The first tunnel to be installed there was the "isentropic light piston tunnel", conceived by Terry Jones, in which a volume of air is first compressed isentropically by a fast-moving piston, driven by a compressed-air supply applied to the other side. A valve then opens and the hot air flows over a cascade of blades and down into a dump tank, giving a uniform flow for about 0.1-0.4 seconds (see Figure 2). Martin built the amplifiers for the instrumentation, and the data was recorded by a PDP11 computer, running off two floppy discs. The experiment was simulating the flow of gas at 1800 K over blades at 1100 K, but this could be done adequately with a flow of air at 450 K over blades at room temperature, 300 K, giving the same ratio of absolute temperatures, provided the Reynolds and Mach Numbers also matched.
|Figure 2: Isentropic Light Piston Tunnel, invented by Terry Jones in 1970|
But with this apparatus they would be simulating a steady flow, whereas in the real turbine the rotor blades are sweeping past a row of stator blades, which introduces all manner of transients: shock waves, blade wakes etc. The cascade of turbine blades in the tunnel was stationary, but the transients could be generated by sweeping a series of wires across the upstream flow, mounted radially on a disc rotating at 20,000 rpm. They learnt much about the nature of the transient flows that resulted.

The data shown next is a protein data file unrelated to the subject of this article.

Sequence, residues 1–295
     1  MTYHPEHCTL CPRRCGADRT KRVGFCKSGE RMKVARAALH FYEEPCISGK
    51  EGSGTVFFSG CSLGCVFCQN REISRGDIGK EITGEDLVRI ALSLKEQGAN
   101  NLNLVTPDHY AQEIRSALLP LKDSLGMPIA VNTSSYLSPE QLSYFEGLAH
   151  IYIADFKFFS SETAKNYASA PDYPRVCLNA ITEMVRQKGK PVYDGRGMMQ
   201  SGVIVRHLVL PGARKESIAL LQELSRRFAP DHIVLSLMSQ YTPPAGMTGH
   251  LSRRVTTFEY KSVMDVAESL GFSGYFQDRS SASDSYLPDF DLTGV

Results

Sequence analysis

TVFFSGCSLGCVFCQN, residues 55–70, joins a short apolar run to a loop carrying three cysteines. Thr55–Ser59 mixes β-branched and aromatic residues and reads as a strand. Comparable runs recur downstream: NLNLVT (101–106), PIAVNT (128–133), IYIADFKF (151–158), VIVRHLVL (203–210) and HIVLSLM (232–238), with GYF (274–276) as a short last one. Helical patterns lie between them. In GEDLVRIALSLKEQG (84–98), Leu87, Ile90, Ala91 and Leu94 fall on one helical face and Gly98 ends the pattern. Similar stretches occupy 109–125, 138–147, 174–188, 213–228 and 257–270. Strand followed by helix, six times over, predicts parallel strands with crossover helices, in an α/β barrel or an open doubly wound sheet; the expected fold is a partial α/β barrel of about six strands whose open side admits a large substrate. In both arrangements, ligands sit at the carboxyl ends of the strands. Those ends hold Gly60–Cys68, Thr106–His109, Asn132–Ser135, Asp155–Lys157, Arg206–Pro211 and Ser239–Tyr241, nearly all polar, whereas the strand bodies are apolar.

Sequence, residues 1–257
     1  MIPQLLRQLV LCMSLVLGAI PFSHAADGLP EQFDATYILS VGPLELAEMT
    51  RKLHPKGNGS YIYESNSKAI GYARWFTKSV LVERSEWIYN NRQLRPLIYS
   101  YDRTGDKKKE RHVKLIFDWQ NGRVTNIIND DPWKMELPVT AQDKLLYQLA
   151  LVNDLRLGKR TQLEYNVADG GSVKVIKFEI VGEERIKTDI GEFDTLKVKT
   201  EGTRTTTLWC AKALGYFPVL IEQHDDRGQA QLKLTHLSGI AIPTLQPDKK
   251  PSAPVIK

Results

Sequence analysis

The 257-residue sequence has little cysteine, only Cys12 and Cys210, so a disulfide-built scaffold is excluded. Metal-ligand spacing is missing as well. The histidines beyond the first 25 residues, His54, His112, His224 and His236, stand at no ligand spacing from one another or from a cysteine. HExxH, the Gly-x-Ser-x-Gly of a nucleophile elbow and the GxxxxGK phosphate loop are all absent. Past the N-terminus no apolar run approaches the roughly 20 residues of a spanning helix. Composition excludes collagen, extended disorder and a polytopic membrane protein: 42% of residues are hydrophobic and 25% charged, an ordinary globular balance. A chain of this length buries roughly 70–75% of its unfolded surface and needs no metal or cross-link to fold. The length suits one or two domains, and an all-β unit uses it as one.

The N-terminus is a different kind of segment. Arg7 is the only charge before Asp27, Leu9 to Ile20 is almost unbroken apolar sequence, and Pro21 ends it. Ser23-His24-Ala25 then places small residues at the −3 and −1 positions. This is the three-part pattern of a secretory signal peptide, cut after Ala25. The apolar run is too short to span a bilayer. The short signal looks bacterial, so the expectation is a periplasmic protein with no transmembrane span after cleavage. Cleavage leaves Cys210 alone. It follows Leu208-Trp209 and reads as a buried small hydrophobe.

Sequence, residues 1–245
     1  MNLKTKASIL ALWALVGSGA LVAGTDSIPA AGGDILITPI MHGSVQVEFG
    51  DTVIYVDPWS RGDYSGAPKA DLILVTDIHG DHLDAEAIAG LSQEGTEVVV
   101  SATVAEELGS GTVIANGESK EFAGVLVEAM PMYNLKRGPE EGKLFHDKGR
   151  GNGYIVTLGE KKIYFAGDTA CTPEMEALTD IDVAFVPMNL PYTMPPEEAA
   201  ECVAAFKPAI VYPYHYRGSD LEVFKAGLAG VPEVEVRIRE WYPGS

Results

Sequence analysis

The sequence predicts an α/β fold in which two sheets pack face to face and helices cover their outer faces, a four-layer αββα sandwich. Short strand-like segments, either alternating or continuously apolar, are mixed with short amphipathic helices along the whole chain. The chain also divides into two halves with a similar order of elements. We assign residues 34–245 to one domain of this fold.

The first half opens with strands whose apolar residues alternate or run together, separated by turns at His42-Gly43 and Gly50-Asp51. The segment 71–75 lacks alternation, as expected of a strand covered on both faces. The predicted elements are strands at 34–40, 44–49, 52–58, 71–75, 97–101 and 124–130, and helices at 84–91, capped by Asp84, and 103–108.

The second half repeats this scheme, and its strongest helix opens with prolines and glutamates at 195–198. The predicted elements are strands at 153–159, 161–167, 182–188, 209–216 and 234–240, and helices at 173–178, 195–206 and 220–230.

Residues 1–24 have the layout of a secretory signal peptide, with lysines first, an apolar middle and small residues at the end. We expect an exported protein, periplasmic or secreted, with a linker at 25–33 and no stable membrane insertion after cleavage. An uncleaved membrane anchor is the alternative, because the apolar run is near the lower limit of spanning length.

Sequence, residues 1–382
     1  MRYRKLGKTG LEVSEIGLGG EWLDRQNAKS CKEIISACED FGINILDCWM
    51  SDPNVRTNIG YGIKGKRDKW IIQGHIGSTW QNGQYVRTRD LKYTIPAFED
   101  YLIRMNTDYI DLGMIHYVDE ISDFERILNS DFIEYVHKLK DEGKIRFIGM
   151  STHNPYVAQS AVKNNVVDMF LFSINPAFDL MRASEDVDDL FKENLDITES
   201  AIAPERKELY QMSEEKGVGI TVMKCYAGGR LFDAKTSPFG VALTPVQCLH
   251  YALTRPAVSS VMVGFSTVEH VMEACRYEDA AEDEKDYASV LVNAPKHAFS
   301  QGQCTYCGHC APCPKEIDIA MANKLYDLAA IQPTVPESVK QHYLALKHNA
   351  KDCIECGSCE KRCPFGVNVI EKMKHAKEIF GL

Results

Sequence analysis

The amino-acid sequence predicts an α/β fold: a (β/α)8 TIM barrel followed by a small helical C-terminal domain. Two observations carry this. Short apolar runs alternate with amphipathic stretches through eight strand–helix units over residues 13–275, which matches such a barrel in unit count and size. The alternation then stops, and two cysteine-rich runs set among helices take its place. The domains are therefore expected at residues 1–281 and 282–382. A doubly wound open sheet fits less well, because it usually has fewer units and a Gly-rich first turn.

The heat transfer instrumentation was based on platinum film resistance gauges (Figure 3), painted and fired, pottery-fashion, on to blades of Macor, a machinable glass ceramic (and therefore an electrical insulator). The heat transfer to the blade can be deduced from the temperature rise history indicated by the gauges as the hot air flows past them in the 0.4 second run.
|Figure 3: Thin film heat transfer gauges: early Macor blade (left), later 3-D blade (right)|
The next stage was to put an actual turbine rotor into the tunnel. This was a joint project between Don Schultz and Roger Ainsworth, who had originally graduated from Oxford, and then returned after periods at Rolls-Royce and Harwell. In its brief test run the rotor accelerated from 6000 to 9500 rpm. The blades for it had to be of metal, to withstand the stresses, so the platinum gauges were sputtered on to insulating Kapton film, which was then wrapped around the blades. This was capable of withstanding accelerations of 6000 g. The electrical signals were brought out through slip-rings, but had to be electronically buffered first, and the electronics too had to capable of withstanding the accelerations. They put semiconductor pressure gauges on the rig too, to study the aerodynamics. They were particularly interested in measuring what happened between the blade tips and the surrounding casing.
The group was then asked to build a significantly larger such tunnel, of 1.2 m diameter, for the National Gas Turbine Establishment at Pyestock (now part of QinetiQ). Originally this just had a stator, but a rotor was added in 1991, capable of 10,000 rpm, with a patented "Turbobrake" to hold its speed constant. The "run time" was 0.4 s.